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Weekend Passenger Pigeon: Cincinnati Zoo and OOS!

2014 marks the centenary of the extinction of the Passenger Pigeon-once considered the most abundant species in North America. OOS will partner with the Cincinnati Zoo on August 29-30, 2014, to explore the legacy of the Passenger Pigeon. We have packed a lot into this weekend and registration is NOW OPEN!  

From the Friday night fundraiser, to Saturday morning speakers, followed by your choice local tours, we have a fun filled time while at the Cincinnati Zoo's Education Center. Then on Saturday night we head West of Cincinnati to the Fernald Nature Preserve to look for shorebirds and other waterfowl, a presentation on the endangered Burying Beetle-a venture between the Zoo and Fernald, and finally ending with a Sounds of the Night Hike! We will have some lights setup to look for moth and other insects too.  On Sunday morning, we will have another fun filled field birding trip to the Oxbow!  (Full Agenda on the next page)

Register for this wonderful event and purchase your tickets at the Zoo eStore: https://tickets.cincinnatizoo.org/affiliate.asp?ID=DDD64B86-495E-4CC1-AE24-593E949B0131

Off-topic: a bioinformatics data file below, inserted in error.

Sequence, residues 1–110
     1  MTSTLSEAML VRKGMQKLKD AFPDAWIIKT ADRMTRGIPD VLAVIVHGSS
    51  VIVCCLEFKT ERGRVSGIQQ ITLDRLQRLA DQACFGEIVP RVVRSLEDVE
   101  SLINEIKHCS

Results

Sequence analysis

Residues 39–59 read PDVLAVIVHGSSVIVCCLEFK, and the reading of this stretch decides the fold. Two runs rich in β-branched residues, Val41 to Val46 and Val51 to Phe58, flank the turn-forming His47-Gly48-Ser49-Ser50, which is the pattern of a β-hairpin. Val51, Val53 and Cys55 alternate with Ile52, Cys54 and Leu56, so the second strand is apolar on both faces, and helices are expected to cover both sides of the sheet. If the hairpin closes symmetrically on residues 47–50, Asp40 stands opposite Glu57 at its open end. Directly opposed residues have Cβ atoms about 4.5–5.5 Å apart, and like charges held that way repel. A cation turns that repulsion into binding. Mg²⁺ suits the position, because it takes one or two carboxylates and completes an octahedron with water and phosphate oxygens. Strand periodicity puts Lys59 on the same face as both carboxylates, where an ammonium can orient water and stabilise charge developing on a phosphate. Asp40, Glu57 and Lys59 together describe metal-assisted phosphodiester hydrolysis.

If prompted for a Password, enter  'pigeon'. (All lower case). 

Problems with registration? Contact OOS board member Kathy McDonald at: mkmcdonald@me.com
Click here for a map of the Cincinnati Zoo: http://cincinnatizoo.org/plan-your-visit/zoo-map/.
Full Agenda on the next page. 

See Weekend Agenda Here »

Champions in Conservation: The Wilds in Rural Ohio, by Kyle Carlson

Nestled in the Appalachian foothills of southeastern Ohio, approximately 75 miles east of Columbus, are nearly 10,000 acres of reclaimed surface mine habitat unlike any other area in the state. One of the world's largest conservation centers has been located here since 1984.

Birders know The Wilds as a phenomenal area to watch birds, especially in winter, when dozens of Northern Harriers, Rough-legged Hawks, and Short-eared Owls cruise over the grasslands, hunting for meadow voles. Regular occurrences of Golden Eagle and Northern Shrike add to the allure of winter birding at The Wilds. The summer months bring an array of grassland songbirds to the mix: Grasshopper, Vesper, and Henslow's Sparrows; Prairie Warbler; Bobolink; and the occasional Blue Grosbeak. The Wilds is truly a year-round birder's paradise. The National Audubon Society made it official by designating The Wilds as an Important Bird Area.

But did you know that The Wilds is more than just a great place to watch native birds? The nonprofit organization's mission is “to advance conservation through science, education, and personal experience.” They accomplish this through innovative research, numerous outreach programs, and unique safari tour experiences.

Learn More about the Wilds »

Birding Festivals

Looking for a birding festival this summer? Visit the Bird Watcher's Digest  "Festival Finder" page to have look for festivals around the country. This is a great way to get to find birds with local guides and field trips to hotspots in the area, and a fun way to get to know other birders too!